40% of New Zealand’s Glaciers Could Disappear within a Decade

Global and Planetary Change, 19 March 2022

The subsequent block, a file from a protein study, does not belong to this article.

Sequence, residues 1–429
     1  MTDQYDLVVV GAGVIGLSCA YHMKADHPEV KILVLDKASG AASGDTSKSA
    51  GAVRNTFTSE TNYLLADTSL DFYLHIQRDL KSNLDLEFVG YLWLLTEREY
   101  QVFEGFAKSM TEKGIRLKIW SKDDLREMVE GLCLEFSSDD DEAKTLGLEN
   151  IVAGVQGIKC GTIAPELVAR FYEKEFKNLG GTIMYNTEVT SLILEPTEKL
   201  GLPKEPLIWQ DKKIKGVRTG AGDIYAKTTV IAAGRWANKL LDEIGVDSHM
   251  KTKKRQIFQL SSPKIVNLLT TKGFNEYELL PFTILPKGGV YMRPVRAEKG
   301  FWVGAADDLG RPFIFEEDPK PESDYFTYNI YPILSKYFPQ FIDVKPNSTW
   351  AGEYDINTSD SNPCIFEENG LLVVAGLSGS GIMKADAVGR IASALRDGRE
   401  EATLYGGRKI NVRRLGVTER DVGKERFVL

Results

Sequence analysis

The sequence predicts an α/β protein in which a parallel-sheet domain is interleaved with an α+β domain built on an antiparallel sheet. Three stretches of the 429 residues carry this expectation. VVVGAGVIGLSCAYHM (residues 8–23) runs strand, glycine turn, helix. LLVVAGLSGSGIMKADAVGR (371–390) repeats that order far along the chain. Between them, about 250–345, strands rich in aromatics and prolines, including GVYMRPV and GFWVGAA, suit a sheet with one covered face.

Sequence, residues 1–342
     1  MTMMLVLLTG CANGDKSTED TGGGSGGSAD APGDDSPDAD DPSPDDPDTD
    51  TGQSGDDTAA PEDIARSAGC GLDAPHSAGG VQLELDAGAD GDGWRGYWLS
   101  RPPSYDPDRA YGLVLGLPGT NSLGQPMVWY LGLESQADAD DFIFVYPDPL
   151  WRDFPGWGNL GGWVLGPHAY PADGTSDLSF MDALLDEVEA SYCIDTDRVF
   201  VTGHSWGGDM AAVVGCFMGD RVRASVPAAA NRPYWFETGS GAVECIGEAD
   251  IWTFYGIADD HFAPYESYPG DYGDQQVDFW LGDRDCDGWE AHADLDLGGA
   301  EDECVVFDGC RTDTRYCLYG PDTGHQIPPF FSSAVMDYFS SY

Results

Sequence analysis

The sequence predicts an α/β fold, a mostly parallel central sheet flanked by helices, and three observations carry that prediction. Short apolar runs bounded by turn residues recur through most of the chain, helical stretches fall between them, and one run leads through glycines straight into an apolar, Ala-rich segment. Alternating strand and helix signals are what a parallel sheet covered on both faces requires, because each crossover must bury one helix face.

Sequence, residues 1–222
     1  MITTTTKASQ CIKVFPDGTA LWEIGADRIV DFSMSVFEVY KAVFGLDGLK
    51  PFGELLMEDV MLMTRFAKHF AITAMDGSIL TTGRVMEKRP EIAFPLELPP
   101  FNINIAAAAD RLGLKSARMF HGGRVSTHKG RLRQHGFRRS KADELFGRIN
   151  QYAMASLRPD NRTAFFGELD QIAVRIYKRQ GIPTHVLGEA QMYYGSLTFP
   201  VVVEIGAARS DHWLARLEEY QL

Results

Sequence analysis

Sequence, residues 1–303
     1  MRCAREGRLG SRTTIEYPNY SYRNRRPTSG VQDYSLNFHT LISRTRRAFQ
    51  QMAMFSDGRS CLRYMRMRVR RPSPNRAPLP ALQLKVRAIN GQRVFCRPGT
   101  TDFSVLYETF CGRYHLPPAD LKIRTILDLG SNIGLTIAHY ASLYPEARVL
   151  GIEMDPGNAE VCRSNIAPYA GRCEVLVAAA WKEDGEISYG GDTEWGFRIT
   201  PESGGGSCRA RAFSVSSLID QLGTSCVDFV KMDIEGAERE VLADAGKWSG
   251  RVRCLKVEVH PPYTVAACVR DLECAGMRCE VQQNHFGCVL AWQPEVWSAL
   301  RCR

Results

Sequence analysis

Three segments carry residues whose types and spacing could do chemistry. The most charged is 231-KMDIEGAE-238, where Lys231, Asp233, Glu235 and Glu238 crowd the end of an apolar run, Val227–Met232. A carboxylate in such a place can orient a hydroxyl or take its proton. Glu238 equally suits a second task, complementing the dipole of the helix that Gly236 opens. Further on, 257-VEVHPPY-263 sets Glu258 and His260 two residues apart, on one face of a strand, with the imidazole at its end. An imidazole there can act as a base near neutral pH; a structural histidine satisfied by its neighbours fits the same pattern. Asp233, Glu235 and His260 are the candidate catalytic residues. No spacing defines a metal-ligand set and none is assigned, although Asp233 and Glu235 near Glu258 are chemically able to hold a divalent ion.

More than one-third of New Zealand’s glacier ice volume has disappeared within the past fifty years due to unusually warm summer temperatures, exacerbated by a recent marine heatwave. As global temperatures rise, New Zealand experiences more frequent extreme weather; last year was its warmest on record. Projections now indicate that up to 40% of New Zealand’s remaining ice will disappear in just the next decade, endangering the future viability of several glacier systems. In particular, glaciers in the Southern Alps of New Zealand are undergoing some of the most rapid and accelerated ice loss anywhere in the world. The smaller glaciers in lower altitude areas of the Southern Alps are rapidly disappearing, including on Caroline Peak in the Merrie Ranges, Mt Ella, Mt Browning and Mt Franklin in North Canterbury. Over the past decade, New Zealand’s glaciers have lost ice nearly every year. Glaciers provide a critical source of local freshwater, irrigation, and hydropower for downstream communities. This study reiterates the urgency of reducing global emissions to mitigate the long-term hazards of future glacier ice loss.